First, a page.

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We characterized Streptococcus pneumoniae serotype 6D from among previously identified S. pneumoniae serotype 6B strains from Jewish and Bedouin children in southern Israel during a decade before vaccination. S. pneumoniae serotype 6D isolates constituted 6.7% of the presumed S. pneumoniae serotype 6B isolates. S. pneumoniae serotype 6D strains belonged to 20 sequence types that were differentially distributed between the two ethnic groups.
The discovery of a new Streptococcus pneumoniae serotype, serotype 6C, led to the logical suggestion that recombination might also produce a new member of the serogroup 6 family which would have the wciP serotype 6B (wciP6B) allele that differentiates S. pneumoniae serotype 6B from S. pneumoniae serotype 6A and the wciN6C allele (1, 2). This serotype, designated S. pneumoniae serotype 6D, has been detected in both nasal carriage and invasive isolates (2–11).
The 7- and 13-valent pneumococcal conjugate vaccines (PCV7 and PCV13, respectively) were introduced into the Israeli national immunization program in 2009 and 2010, respectively. Preliminary in vitro data suggest that the S. pneumoniae serotype 6B component of these vaccines elicits antibodies that are cross-opsonic to S. pneumoniae serotype 6D (12). However, clinical data are not yet available to confirm these findings. Evaluation of the prevalence of S. pneumoniae serotype 6D before and after PCV implementation would indirectly determine whether these vaccines provide protection against S. pneumoniae serotype 6D. The aim of this study was therefore to identify S. pneumoniae serotype 6D strains from among previously characterized S. pneumoniae serotype 6B isolates, explore their molecular epidemiology, and determine the circulation of S. pneumoniae serotype 6D clones among the members of two distinct ethnic subpopulations.
This retrospective study was conducted in southern Israel during the decade (1999 to 2008) preceding PCV7 implementation. The study population included children <5 years of age: Jewish children with lifestyles resembling those of populations in developed countries and Muslim Bedouin children with standards of living resembling those of populations in developing countries (13). Contact between children of the two populations is rare. S. pneumoniae was cultured from four isolation sites: blood/cerebrospinal fluid (CSF), middle ear fluid (MEF), conjunctiva, and nasopharynx (14). Identification, antimicrobial susceptibility testing, and serotyping were performed as previously described (13). A PCR system targeting both wciN6C (wciNβ) and wciP6B (wciP584a) was used to segregate S. pneumoniae serotype 6D from S. pneumoniae serotype 6B (2).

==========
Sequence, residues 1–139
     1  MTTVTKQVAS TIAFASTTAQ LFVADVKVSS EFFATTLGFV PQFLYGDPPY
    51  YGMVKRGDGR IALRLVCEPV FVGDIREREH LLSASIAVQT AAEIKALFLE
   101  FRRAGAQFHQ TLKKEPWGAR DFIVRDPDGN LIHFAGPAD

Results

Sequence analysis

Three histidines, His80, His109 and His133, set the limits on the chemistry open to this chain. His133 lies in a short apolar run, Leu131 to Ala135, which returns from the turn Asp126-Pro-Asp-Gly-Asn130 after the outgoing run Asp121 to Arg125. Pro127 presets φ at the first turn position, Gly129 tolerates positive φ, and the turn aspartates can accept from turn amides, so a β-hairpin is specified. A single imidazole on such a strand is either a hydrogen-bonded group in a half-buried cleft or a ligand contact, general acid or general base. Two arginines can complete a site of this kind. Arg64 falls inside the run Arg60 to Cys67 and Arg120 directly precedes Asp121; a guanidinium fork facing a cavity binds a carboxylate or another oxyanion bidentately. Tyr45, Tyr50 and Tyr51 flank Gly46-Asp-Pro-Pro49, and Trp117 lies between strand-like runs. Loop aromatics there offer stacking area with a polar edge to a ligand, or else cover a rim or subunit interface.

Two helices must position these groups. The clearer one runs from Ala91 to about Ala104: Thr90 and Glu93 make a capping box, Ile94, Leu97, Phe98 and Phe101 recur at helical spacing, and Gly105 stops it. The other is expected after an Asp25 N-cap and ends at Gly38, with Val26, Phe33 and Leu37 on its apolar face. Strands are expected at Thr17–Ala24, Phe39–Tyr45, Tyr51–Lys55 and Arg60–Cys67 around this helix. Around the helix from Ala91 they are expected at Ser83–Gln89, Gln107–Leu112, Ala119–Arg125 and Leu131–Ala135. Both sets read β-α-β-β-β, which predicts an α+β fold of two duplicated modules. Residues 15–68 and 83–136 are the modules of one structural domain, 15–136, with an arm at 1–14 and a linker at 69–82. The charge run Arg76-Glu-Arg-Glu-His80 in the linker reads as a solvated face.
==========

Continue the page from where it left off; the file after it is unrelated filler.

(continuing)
Of 1,628 presumed S. pneumoniae serotype 6B isolates, 1,593 (97.9%) pneumococci, isolated from 1,201 children, were available for S. pneumoniae serotype 6D typing by PCR. S. pneumoniae serotype 6D was identified in 98/1,201 (8.2%) individuals, of which 41 individuals also presented S. pneumoniae serotype 6B during the study period. Overall, S. pneumoniae serotype 6D constituted 6.7% (107/1593) of the presumed S. pneumoniae serotype 6B isolates: 1/34 (2.9%) from blood/CSF cultures, 24/337 (7.1%) from MEF cultures, 0/21 (0%) from conjunctival swab cultures, and 82/1,094 (7.5%) from nasopharyngeal swab cultures. S. pneumoniae serotype 6D constituted 7.9% (48/610) of the presumed S. pneumoniae serotype 6B isolates from Jewish children and 6.0% (59/983) from Bedouin children (P = 0.148).
Most isolates, 90.7% (97/107), were nonsusceptible to at least one antibiotic, and 73.8% (79/107) were nonsusceptible to ≥3 antimicrobial agents (Table 1). Pulsed-field gel electrophoresis (PFGE) (15) revealed the presence of 6 major clusters (with each cluster having ≥6 isolates) and 7 minor clusters, which constituted 72.9% (78/107) and 20.6% (22/107) of the S. pneumoniae serotype 6D strains, respectively. Seven isolates exhibited unique PFGE patterns. Representative strains from each PFGE cluster and all the strains with unique PFGE patterns (total, 44/107; 41.1%) were further characterized by multilocus sequence typing (MLST) (16) (www.mlst.net queried on 5 November 2012), which yielded 12 known and 8 novel sequence types (STs) (Table 1).